I spend 30 minutes a day observing my breath while meditating. I try to bring my awareness to my breath throughout the day as much as I can. Breath is a bridge between body and mind, and observing the breath helps to connect the two.
Transform your diet.
There are so many trendy diets that it becomes difficult to decide which to try. There are celebrities who swear that the protein-only diet makes them look gorgeous, and doctors say that the Mediterranean diet would make you most healthy. No two people are alike, and each person has to find the diet that works best for him or her.
I personally don’t believe in short-term dieting for weight loss.
For me, diet is part of a person’s lifestyle. Each person has to decide which style of eating works best for him or her and stick with it as much as possible. In general, a healthy diet should include plenty of fresh fruit and vegetables, whole grains, legumes, good quality oils, and seasonal spices.
Spend time with people who uplift you.
We benefit greatly by having positive and likeminded people around us. Take note of how you feel after meeting a friend, and let your own body and mind guide you toward who your real friends are. If you feel more whole and inspired after spending time with a certain friend, then that’s the person you want to spend more time with. If you feel drained and depressed, maybe you should not spend too much time in his or her company.
Of course, even the best of us go through tough times, so I am not suggesting dropping your best friends because he or she drags you down with his or her problems. But if you notice that you surround yourself with people who constantly complain and bring your down, you should look within yourself and find out why you want to be in such miserable company.
Become part of a community.
Community for me is one of the key elements of leading a healthy life. Community is more than a circle of friends (although it might include them). Community can be a geographical place (the village that helps you raise your children) or it can be an organization that brings likeminded people together (like a dolphin-saving club). I make it a point to ensure that there is a strong community wherever I want to buy or rent a house. I no longer buy into a subdivision, but instead into a community.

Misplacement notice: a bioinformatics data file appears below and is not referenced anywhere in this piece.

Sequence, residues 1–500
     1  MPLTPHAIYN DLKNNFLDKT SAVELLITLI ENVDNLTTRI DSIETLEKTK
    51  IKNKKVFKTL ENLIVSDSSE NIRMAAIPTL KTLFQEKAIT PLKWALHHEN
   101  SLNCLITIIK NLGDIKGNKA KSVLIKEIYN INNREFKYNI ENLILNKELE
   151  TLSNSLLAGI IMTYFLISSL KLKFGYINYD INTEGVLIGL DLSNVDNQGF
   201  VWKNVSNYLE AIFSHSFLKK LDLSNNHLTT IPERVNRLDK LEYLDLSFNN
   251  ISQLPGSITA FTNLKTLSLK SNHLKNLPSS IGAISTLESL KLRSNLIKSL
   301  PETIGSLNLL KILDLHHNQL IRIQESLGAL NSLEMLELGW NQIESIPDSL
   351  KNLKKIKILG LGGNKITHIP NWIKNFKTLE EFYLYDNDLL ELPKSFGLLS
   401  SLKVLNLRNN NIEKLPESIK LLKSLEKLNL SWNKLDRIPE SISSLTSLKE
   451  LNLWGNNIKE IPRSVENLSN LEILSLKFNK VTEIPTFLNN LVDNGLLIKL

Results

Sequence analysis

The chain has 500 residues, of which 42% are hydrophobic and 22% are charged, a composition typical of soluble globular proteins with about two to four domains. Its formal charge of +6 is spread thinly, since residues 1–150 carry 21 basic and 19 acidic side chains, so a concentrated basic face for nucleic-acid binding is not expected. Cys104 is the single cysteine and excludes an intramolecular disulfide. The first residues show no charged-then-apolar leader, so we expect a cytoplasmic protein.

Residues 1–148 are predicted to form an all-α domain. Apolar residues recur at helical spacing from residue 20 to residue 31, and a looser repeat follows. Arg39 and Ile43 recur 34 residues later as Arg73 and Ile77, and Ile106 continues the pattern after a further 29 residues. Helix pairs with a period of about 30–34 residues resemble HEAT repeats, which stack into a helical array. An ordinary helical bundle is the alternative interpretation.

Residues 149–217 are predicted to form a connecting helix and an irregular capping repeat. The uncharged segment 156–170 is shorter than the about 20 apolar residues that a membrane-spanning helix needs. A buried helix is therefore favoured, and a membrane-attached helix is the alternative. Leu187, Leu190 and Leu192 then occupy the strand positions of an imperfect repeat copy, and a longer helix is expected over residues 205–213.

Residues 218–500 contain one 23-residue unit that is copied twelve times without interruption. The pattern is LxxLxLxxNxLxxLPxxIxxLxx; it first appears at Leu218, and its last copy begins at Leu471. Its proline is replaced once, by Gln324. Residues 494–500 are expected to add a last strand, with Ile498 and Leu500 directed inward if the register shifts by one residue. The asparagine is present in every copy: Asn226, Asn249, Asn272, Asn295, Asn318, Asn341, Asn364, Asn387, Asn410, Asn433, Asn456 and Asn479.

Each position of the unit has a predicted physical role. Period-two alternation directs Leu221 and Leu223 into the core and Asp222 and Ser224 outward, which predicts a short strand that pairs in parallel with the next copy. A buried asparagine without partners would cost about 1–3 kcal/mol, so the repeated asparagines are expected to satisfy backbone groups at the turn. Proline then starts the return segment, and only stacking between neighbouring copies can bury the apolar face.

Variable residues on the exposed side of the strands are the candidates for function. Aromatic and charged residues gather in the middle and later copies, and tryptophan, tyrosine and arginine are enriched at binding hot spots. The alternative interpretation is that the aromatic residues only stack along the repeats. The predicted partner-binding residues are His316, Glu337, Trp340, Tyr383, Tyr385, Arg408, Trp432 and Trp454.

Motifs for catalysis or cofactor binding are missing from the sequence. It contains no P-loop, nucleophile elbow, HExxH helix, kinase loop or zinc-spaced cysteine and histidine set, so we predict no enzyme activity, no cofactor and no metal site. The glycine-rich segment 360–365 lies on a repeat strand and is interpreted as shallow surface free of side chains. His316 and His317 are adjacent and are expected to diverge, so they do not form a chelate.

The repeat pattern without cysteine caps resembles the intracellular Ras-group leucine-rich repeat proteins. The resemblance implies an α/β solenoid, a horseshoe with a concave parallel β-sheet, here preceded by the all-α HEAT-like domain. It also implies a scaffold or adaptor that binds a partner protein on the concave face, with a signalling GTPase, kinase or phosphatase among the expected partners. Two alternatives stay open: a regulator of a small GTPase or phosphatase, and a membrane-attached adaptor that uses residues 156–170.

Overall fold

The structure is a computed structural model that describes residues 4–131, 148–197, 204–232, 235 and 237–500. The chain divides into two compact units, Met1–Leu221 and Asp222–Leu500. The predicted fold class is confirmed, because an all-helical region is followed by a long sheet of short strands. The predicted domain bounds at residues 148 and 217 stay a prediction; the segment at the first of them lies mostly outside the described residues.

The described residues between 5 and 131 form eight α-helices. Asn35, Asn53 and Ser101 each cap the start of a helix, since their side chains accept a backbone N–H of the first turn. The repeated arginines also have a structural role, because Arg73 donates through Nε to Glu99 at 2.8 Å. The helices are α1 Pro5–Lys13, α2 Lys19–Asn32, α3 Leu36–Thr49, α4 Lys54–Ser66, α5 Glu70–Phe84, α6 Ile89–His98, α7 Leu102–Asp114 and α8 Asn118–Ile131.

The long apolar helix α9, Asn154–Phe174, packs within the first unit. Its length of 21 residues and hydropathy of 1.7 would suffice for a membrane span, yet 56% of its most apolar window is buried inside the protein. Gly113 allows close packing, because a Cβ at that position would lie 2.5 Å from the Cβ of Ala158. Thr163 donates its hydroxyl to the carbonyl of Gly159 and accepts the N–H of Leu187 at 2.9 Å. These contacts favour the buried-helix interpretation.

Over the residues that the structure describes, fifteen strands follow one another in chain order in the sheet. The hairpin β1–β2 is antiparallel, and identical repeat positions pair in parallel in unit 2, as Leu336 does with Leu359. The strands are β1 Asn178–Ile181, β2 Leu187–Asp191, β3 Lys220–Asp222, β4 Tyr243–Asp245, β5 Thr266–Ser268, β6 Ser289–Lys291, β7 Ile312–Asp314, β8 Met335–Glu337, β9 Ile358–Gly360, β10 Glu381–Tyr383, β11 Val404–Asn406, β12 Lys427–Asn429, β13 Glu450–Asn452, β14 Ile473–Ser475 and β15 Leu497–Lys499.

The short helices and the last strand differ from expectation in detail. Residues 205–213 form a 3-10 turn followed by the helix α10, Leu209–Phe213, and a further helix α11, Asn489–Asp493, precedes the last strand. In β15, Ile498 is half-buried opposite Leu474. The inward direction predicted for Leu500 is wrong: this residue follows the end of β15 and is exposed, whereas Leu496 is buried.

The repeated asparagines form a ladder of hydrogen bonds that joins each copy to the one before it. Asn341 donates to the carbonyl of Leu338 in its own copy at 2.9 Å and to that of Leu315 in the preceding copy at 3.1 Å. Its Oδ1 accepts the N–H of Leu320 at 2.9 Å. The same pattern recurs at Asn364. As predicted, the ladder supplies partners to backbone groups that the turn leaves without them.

Growing up in communist Russia, we had very little money exchange, but we had a very strong sense of community. We would stop by each other’s homes and ask for salt or butter when we were making a cake and then share the cake with the generous neighbors. In fact, we had so few possessions, we rarely locked our doors and anyone was always welcome.
Give to receive.
I find nothing more rewarding than giving the gift of love to those around me. I feel my level of happiness and satisfaction rises dramatically when I am able to share. In my case, I love to feed people. Every step of the preparation and serving gives me joy. Seeing faces beaming with joy after they eat my food uplifts my spirit and calms my heart.
You have to find what kind of giving brings you joy. Find a cause and contribute to it. Some people love animals and volunteer at the animal shelter once a week, some love children and volunteer at the local orphanage, some feel for the homeless and help in their local shelter. The important point is that you should not be paid for the gift. You should give without expecting anything in return. It’s a universal law: what you give comes back to you 100-fold.
Take new roads.
It’s important to not drown in the daily routine and mix things up a bit once in a while. If you have a family, it’s hard to be adventurous or take trips to exotic islands whenever you want, but you can take small steps. My husband and I try to find one new restaurant a month that we have never been to. We also walk around the streets of San Francisco and take different streets to get home just so we don’t always take the same route. We also like to be spontaneous when we can (with four kids) and meet for a date or a movie whenever possible. For me, mixing things up helps me to remember that I always have the choice to have a happy and exciting life and that my excitement comes from small events—such as seeing a good movie or having a nice dinner—and not huge events such as a job promotion or receiving a large bonus.